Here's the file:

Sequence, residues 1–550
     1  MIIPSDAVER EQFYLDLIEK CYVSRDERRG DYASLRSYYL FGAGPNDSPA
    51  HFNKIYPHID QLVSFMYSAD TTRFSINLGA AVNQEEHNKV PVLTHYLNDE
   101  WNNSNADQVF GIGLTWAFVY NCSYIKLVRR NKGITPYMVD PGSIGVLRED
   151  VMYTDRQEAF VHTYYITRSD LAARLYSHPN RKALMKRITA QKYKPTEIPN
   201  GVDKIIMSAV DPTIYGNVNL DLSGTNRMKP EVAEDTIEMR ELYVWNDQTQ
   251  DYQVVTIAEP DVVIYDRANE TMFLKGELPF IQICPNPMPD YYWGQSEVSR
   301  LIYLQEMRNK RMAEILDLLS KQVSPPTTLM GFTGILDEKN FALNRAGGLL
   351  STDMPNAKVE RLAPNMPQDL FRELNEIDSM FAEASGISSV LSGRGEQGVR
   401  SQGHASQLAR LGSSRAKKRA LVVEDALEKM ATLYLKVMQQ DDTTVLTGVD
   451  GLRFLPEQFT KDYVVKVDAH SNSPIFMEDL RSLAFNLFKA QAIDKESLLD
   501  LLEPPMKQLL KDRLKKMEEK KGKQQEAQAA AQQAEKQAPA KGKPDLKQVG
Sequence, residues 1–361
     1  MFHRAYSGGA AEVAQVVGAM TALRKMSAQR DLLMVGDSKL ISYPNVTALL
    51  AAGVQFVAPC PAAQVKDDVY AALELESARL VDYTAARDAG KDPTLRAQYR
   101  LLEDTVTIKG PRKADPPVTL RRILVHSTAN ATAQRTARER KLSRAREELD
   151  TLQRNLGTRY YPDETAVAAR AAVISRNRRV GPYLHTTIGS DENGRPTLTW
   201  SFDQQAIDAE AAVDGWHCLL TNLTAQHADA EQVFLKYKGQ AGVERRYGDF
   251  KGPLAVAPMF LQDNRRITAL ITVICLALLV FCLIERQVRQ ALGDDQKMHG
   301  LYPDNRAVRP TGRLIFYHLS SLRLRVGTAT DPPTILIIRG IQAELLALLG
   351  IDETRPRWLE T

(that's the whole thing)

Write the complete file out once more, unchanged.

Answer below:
Sequence, residues 1–550
     1  MIIPSDAVER EQFYLDLIEK CYVSRDERRG DYASLRSYYL FGAGPNDSPA
    51  HFNKIYPHID QLVSFMYSAD TTRFSINLGA AVNQEEHNKV PVLTHYLNDE
   101  WNNSNADQVF GIGLTWAFVY NCSYIKLVRR NKGITPYMVD PGSIGVLRED
   151  VMYTDRQEAF VHTYYITRSD LAARLYSHPN RKALMKRITA QKYKPTEIPN
   201  GVDKIIMSAV DPTIYGNVNL DLSGTNRMKP EVAEDTIEMR ELYVWNDQTQ
   251  DYQVVTIAEP DVVIYDRANE TMFLKGELPF IQICPNPMPD YYWGQSEVSR
   301  LIYLQEMRNK RMAEILDLLS KQVSPPTTLM GFTGILDEKN FALNRAGGLL
   351  STDMPNAKVE RLAPNMPQDL FRELNEIDSM FAEASGISSV LSGRGEQGVR
   401  SQGHASQLAR LGSSRAKKRA LVVEDALEKM ATLYLKVMQQ DDTTVLTGVD
   451  GLRFLPEQFT KDYVVKVDAH SNSPIFMEDL RSLAFNLFKA QAIDKESLLD
   501  LLEPPMKQLL KDRLKKMEEK KGKQQEAQAA AQQAEKQAPA KGKPDLKQVG
Sequence, residues 1–361
     1  MFHRAYSGGA AEVAQVVGAM TALRKMSAQR DLLMVGDSKL ISYPNVTALL
    51  AAGVQFVAPC PAAQVKDDVY AALELESARL VDYTAARDAG KDPTLRAQYR
   101  LLEDTVTIKG PRKADPPVTL RRILVHSTAN ATAQRTARER KLSRAREELD
   151  TLQRNLGTRY YPDETAVAAR AAVISRNRRV GPYLHTTIGS DENGRPTLTW
   201  SFDQQAIDAE AAVDGWHCLL TNLTAQHADA EQVFLKYKGQ AGVERRYGDF
   251  KGPLAVAPMF LQDNRRITAL ITVICLALLV FCLIERQVRQ ALGDDQKMHG
   301  LYPDNRAVRP TGRLIFYHLS SLRLRVGTAT DPPTILIIRG IQAELLALLG
   351  IDETRPRWLE T